Sir.—I am a practicing pediatrician in an inner-city hospital outpatient clinic. Recently, a 2-year-old patient presented for a routine checkup. On visual inspection of this child, I noted growth failure; microcephaly, with a prominent forehead; a flat nasal bridge; and downward slanting of her eyes. Having just read the study of Marion et al,1 I was very suspicious of human T-cell lymphotropic virus type III (HTLV-III) infection in this patient. Her medical history was suspect for intrauterine infection and was remarkable for a greater-than-average number of pediatric ailments, including one episode of pneumonia.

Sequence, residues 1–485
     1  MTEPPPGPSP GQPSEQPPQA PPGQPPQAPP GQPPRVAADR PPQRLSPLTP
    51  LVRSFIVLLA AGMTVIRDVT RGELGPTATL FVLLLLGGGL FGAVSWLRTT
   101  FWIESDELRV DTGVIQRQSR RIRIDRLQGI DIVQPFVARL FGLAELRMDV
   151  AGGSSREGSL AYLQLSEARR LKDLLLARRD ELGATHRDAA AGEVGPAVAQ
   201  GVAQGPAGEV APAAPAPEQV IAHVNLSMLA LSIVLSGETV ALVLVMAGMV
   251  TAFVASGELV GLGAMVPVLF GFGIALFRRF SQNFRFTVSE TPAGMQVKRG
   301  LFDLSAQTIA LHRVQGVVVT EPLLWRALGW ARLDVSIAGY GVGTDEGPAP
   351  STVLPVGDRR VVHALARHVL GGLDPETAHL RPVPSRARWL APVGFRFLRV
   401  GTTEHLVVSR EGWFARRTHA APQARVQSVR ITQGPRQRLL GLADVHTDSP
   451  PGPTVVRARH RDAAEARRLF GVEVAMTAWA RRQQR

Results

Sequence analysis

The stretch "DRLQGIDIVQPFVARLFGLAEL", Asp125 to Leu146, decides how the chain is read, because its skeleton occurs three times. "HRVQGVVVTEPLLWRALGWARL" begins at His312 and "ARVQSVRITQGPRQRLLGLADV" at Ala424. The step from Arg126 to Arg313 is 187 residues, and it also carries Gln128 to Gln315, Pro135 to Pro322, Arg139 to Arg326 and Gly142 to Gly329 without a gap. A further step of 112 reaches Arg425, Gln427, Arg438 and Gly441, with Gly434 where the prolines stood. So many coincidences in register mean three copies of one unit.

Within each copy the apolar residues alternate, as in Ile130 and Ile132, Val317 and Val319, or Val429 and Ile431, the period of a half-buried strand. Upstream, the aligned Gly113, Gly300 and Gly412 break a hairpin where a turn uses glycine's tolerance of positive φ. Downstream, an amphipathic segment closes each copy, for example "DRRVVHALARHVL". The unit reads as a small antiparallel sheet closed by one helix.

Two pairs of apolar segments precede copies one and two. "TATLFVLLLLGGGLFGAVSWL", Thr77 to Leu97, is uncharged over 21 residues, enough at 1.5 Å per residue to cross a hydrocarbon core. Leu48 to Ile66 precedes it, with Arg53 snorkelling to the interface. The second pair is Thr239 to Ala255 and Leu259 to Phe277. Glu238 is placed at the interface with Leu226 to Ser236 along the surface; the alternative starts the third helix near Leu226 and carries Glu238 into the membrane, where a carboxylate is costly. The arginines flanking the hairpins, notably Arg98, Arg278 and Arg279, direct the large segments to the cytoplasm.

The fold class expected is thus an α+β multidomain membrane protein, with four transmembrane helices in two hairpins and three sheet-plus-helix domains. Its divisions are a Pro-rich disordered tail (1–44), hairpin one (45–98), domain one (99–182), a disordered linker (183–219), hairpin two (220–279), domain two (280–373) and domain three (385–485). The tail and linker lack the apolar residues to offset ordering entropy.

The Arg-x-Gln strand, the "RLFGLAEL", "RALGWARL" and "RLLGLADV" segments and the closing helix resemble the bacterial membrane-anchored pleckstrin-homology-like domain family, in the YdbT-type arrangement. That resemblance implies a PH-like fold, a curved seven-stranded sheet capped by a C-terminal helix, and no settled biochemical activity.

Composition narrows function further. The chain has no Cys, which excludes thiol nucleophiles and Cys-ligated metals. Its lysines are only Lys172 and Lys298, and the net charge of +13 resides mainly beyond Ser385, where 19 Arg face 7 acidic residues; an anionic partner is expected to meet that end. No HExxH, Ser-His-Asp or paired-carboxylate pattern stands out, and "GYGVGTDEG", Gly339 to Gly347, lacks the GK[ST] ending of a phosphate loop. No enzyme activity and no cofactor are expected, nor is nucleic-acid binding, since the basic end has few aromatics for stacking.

The patient at the time of this visit was asymptomatic. Some baseline studies were done that showed lymphopenia, a reticulonodular pattern on chest roentgenogram, and positive HTLV-III antibodies in the patient's sera.
Although this patient did not manifest full expression of HTLV-III embryopathy, she presented with a substantial number of features to prompt further investigation.
Perro M. Dysmorphism Leading to a Diagnosis of Acquired Immunodeficiency Syndrome. Am J Dis Child. 1987;141(5):474. doi:10.1001/archpedi.1987.04460050016003